It's most often small businesses who are most responsive to using technology like OpenBSD and PostgreSQL, rather than Windows 2003 and SQL Server. And they're the ones who can gain the most from it, as well. Little makes the owner of a sporting goods shoppe happier than telling him you can set him up an OpenBSD web server for his online store at a mere fraction of the cost of a Windows-based solution. Even saving £500 for such a person will make them very pleased. And when their system doesn't crash every other day, they'll be even more impressed.

    • The best thing to do is to use it yourself.

      Often, especially in business settings, you have to convert others in order to be allowed to use Linux. For all its improvements on the desktop, the place that Linux really shines is still the server room. Since servers are shared infrastructure, any changes to the servers usually involves getting the okay from upper management. In order to get this permission, you have to be able to say that Linux is going to save the business money over the long run, not ju

      • In my experience, users who end up using Linux or BSD in a work environment are often quite pleased. As long as their system works, they're more than willing to adapt to it, and likely will find themselves working far more effectively.

        In the past, I've set up desktop networks running OpenBSD. KDE can be configured to look and feel very much like Windows, if that's necessary. But after a day or two of using even a default KDE installation, many people were more than comfortable. The massive boosts in product
        • All of your points are valid. However, the point remains that its a lot easier to see these benefits after the implementation than before. If one is trying to convince a reluctant manager who has been using Windows products throughout their career, having some 3rd party sources to back up your word can only be beneficial.

    • I use Linux.
      The problem with Linux and OpenBSD on servers is that the bar for a Windows admin is much lower than a Linux one. For Windows you can go to any community college and take a course and then "admin" a windows server. Will it be a secure? Will it be stable? I really doubt it. With Linux you still have to have a clue and be willing to study on your own. Linux admins are just not as common as Windows admins even if the Linux admins tend to be better.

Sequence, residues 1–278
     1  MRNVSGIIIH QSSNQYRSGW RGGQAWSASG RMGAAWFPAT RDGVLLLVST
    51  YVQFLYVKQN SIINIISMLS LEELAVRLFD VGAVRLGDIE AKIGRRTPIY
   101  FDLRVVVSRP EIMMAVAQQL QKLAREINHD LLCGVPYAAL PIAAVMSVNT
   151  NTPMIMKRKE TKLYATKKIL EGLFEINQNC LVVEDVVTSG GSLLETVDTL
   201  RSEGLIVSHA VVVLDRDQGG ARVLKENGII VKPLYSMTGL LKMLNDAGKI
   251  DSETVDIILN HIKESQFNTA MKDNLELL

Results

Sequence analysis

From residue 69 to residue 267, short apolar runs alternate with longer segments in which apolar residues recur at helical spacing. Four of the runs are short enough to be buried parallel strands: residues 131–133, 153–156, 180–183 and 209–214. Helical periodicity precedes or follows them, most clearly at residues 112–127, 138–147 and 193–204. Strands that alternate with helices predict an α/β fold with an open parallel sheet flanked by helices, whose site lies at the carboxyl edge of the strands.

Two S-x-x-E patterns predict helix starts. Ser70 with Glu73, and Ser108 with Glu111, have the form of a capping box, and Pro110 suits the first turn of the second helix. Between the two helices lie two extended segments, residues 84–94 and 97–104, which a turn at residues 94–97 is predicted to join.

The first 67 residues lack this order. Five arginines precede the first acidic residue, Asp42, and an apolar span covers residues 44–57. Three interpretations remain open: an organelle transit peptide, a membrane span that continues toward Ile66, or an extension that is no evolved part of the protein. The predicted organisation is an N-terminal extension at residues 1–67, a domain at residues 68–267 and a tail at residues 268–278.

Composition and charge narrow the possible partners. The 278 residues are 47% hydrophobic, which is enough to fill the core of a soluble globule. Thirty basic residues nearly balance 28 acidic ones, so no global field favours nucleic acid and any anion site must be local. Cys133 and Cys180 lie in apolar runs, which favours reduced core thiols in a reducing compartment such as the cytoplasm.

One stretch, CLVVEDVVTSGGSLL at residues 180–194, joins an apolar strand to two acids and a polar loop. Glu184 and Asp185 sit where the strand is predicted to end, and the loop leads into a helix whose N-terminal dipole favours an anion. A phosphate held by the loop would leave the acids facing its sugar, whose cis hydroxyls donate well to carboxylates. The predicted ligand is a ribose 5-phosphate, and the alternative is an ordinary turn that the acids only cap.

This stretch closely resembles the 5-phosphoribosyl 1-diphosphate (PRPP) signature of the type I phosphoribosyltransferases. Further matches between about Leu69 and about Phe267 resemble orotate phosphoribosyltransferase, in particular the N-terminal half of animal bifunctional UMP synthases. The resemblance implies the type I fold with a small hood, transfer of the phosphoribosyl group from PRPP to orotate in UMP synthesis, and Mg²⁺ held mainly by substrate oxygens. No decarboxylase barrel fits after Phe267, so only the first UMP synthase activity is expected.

The problem with Linux on the desktop is that EVERY
    • True enough, don't try to change anyone else's os.

      but refuse to touch any machine not running linux.

      I do. [ but then I'm lucky, my own company and I refuse to buy any ms product, or any software that is designed to run on ms product ]
  • I'm president of the Computer Club here at Grand Rapids Community College. We have several Linux users in the club, including myself and the Vice President. However, we don't advocate Linux to the student population.

    You see, we don't have time to support it. To borrow from Star Wars: There are always two, a master, and an apprentice. And the master better have time for all the apprentice's questions.

    Getting someone into Linux is a big time investment. You become there "go-to" guy, they guy they turn to when they don't RTFM, when they RTFM, but don't understand it (Try "man 7 regex"), and when they totally borked their documentation resources.

    I know. Years ago, I was the apprentice. And my "master" seems to have been on a sabbatical since then.

    I'm taking Calc 2 this semester. If I wasn't, I *might* have time for one or two Linux apprentices. We'll see what happens this summer.
  • Huge error (Score:4, Informative)

    by davidstrauss ( 544062 ) <{ten.ssuartsdivad} {ta} {divad}> on Tuesday February 21, 2006 @01:42PM (#14769130)
    Microsoft ISA Server isn't a web server. It's a firewall and routing server. Microsoft IIS, the web server, comes free with every copy of Windows Server. You can also run Apache on Windows for free. This alone is a $24,000 mistake. MySQL and Eclipse also run on Windows. It seems like they chose the most expensive Microsoft-only configuration and even took some liberties there. How am I supposed to trust this study?